Maylin Rodriguez-Paez RNFor all of you who think you just can’t eat healthy, you’re probably selling yourself short. A new study shows that these habits can, in fact, be learned.
In a recent study, researchers from Tufts University and Harvard University found that the human brain can be trained to prefer healthy foods.
The results were published in the journal Nutrition and Diabetes.
Weight Loss Counseling Changes Food PreferencesLet’s face it, unhealthy foods are way more tempting than healthy foods. Wouldn’t it be better if it were the other way around?
To examine this possibility, the researchers recruited 13 obese or overweight participants and studied the effect of food on their brains. Eight of these individuals underwent weight loss counseling and were encouraged to eat a diet rich in fiber, low in carbs, and high in protein. The remaining five did not undergo counseling and served as the control group.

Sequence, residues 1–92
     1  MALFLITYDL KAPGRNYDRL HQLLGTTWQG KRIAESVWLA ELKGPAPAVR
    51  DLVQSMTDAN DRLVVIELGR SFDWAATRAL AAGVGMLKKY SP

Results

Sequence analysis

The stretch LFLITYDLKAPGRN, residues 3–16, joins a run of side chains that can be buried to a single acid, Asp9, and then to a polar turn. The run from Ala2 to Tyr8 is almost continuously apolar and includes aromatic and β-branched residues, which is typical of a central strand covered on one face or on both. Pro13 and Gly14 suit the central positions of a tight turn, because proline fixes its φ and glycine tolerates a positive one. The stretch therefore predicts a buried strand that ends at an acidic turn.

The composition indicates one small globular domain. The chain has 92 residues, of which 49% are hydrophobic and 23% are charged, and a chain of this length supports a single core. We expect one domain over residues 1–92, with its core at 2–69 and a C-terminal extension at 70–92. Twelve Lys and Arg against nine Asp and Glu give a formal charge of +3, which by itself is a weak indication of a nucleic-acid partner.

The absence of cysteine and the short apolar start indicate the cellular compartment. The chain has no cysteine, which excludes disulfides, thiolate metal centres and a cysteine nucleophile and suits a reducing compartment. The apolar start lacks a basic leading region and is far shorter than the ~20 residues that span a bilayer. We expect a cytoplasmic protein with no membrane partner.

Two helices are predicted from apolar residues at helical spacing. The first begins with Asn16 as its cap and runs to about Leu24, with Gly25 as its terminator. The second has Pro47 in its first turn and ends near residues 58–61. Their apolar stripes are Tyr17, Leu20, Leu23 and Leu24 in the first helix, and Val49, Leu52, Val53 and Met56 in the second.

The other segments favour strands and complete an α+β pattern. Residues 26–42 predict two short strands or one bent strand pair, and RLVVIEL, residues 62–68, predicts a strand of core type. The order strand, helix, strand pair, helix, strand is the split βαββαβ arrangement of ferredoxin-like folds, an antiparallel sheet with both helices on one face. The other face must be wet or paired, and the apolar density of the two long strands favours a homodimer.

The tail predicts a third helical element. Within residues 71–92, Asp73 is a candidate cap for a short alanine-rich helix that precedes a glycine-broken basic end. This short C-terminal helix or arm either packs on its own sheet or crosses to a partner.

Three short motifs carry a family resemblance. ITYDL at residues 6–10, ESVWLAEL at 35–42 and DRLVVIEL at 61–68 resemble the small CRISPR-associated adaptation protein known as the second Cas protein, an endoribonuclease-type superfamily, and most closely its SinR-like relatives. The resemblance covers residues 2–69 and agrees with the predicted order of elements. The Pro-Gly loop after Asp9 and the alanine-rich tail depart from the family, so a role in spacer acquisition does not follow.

MRI scans of the brain were taken while participants were shown pictures of healthy foods (for example, high-fiber cereal and grilled chicken) and unhealthy food items (sugary cereals or fried chicken). Scans were repeated after a period of six months to note any changes. The investigators were specifically looking at the area of the brain that controls addictions and rewards.
Training Brains to Like Healthy FoodsCompared to the control group, those in the weight loss program, showed a more profound reaction in the addiction and reward center of the brain when presented healthy foods. In addition, the reaction to unhealthy foods diminished towards the end of the study.1
These results indicated that those undergoing nutritional counseling changed their preferences from unhealthy foods to healthy foods. The healthy foods became more enjoyable while the unhealthy foods lost their appeal.
This study, while small, gives hope to those struggling to eat a healthier diet. It shows that food preferences can change for the better with time and training.
What About you?Have you trained yourself to like healthy foods? If so, please tell us what's worked for you in the comments!
References1. Nutr Diabetes. 2014 Sep 1;4:e129. doi: 10.1038/nutd.2014.26.
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